Brubaker said he expects increased use of "zero-based budgeting," through which state programs will have to justify their existence. It's been a favorite idea of Republicans, and Brubaker said across-the-board cuts aren't as feasible after budget reductions in 2009 and 2010 and don't root out inefficient or wasteful programs.

"We have to rethink the purpose of state government," he said.

Privatizing more government services, trimming non-mandatory Medicaid services and finding more government waste and fraud were mentioned as possible savings options.

"There's really no sacred cows at this point," Brunstetter said.

These and other changes will affect the state government work force, Brunstetter said, but it's unclear right now exactly how. Perdue has said layoffs are likely.

Bowles said balancing the federal budget will require a mix of growth, cuts and tax increases, but he said the General Assembly should be able to handle its deficit through cuts alone.


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  • Alex25 Jan 4, 2011

    We have to CUT (across the board) Govt Income Transfer Programs: Medicare, SS, Medicaid, Farm Subsidies, Free Health Care, Pell Grants, etc. Every SINGLE dollar Govt spends (local, state, fed) takes out a single dollar from the private sector. Govt spending assumes they can do it better.......and they cannot.

  • davidgnews Jan 4, 2011

    "the politicians need to stop playing games with peoples lives!"

    It will only get worse as the debt to China rises. The only thing we can manufacture anymore is war. Now we're one of the greatest debtor nations. Politicos keep people sharply divided, and this is where we end up.

  • lkanzig Jan 4, 2011

    lets see, we are fighting in iraq and afghanistan putting our fellow americans a risk. lets bring them home! im sure paying all kinds of money for wars that were politcally motivated are a needed expense. our service people have done a great job over there, but they need to come home to their friends and family. the politicians need to stop playing games with peoples lives!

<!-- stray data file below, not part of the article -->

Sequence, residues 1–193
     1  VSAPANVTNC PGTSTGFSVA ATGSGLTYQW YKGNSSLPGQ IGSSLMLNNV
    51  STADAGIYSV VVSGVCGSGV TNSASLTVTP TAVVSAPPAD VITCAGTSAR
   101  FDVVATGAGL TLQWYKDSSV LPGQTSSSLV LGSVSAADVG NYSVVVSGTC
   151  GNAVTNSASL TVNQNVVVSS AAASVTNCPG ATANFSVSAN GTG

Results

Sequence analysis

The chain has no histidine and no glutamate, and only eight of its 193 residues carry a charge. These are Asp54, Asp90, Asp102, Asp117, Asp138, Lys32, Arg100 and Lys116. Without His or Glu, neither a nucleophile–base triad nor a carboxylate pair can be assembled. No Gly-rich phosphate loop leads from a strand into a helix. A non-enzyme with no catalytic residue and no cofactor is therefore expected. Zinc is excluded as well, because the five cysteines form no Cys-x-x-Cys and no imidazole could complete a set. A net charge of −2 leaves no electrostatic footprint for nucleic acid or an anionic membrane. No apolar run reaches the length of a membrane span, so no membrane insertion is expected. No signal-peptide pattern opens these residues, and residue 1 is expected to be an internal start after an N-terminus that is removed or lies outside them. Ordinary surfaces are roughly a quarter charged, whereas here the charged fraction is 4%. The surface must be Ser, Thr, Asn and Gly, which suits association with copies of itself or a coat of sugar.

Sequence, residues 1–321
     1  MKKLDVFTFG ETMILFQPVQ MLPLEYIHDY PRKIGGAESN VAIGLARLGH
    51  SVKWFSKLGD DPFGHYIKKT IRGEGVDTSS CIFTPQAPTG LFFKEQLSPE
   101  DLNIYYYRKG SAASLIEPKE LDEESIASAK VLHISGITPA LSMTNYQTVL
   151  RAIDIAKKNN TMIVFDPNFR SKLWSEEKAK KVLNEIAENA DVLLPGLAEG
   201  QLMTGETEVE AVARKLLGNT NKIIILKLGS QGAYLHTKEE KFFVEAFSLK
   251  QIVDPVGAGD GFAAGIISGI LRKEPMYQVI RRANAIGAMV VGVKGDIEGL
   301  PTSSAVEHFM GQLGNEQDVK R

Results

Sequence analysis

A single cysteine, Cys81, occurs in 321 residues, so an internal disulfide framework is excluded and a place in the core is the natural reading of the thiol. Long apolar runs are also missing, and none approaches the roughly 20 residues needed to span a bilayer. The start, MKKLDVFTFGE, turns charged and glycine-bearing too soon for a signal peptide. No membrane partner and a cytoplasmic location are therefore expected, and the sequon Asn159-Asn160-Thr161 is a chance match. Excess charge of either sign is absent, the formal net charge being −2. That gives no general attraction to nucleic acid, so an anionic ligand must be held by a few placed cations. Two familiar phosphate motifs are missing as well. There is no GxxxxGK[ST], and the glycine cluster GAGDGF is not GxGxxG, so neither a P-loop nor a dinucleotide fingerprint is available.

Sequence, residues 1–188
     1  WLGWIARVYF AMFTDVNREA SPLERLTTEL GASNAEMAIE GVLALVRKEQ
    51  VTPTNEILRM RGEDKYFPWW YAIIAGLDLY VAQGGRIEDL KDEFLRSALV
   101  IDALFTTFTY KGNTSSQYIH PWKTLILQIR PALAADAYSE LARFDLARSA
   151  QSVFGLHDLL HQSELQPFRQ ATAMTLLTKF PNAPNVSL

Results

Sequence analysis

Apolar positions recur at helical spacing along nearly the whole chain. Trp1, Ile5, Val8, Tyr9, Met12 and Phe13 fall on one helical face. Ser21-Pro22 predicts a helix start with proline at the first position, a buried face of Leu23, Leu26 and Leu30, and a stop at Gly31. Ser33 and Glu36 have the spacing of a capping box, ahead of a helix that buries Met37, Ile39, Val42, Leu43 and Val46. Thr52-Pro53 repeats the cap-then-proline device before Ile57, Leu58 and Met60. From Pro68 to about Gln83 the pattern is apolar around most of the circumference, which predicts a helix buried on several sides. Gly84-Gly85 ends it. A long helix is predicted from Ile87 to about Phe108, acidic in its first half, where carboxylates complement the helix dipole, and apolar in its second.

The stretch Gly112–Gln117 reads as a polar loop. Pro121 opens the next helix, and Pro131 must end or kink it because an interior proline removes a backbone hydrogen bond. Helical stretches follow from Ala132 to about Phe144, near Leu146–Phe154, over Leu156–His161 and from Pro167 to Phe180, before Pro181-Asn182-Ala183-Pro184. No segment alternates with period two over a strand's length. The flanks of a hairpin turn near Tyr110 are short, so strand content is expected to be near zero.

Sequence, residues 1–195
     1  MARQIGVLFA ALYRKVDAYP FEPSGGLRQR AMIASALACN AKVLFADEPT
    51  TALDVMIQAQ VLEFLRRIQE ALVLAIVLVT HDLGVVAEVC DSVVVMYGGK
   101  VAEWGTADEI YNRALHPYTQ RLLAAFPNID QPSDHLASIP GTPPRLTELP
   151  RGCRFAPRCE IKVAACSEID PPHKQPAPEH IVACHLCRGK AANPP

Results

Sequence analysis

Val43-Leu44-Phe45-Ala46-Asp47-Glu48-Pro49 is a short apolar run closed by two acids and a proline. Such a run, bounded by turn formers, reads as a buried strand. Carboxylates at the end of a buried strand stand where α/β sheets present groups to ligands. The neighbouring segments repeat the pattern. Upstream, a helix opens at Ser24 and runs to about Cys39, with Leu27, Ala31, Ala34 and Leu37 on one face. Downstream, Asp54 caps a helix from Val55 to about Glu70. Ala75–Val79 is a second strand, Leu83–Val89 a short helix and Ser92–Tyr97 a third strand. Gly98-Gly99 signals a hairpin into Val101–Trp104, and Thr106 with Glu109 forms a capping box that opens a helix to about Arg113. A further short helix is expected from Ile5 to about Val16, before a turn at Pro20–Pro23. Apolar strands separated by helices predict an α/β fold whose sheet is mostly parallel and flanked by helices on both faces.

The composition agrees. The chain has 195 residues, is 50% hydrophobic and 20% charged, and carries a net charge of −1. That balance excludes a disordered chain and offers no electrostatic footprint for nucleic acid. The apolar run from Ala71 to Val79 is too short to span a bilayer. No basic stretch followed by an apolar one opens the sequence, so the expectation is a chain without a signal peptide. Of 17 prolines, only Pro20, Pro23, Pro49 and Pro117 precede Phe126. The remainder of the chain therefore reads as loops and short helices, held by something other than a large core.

• Alex25 Jan 4, 2011

    "Demand for their products and services" comes from increased production, capital formation and investment incentives - known as supply side econ, which many (most) folks simply have little understanding.

  • Jim Britt Jan 4, 2011

    Businesses would be doing better if there were more demand for their products and services. Go back to sleep.

  • Alex25 Jan 4, 2011

    Businesses would be doing better than great if Govt as usual wasn't mucking things up. Wake up.

  • csmac99 Jan 3, 2011

    I recommend reading "The Big Short" by Michael Lewis - excellent written documentary about some of the players of the subprime debacle and how it helped drive the real estate bubble and subsequent crash.

  • whatelseisnew Jan 3, 2011

    At what point do you think the light bulbs go on for Washington and this State? We need massive across the board cuts in EVERYTHING. The next budget that Congress books and the next budget that our State books not only has to be in balance, it needs to show debt pay down. If those fools in Washington raise the debt ceiling again, it just gets worse. The same goes for here, this State has got to stop borrowing money.

  • solocousa Jan 3, 2011

    It,s ok, Walden says $4.00 gas prices is a good sign. He must own stock in oil. If gas goes any hire then things are going to get much worse then they have been and are now.

  • GWALLY Jan 3, 2011

    ..."$14 TRILLION.....that's $14,000,000,000,000. It MUST stop...

    .....But it's ALL Bush, Cheney, Haliburton or Sarah Palins fault fault don't you know!!!!!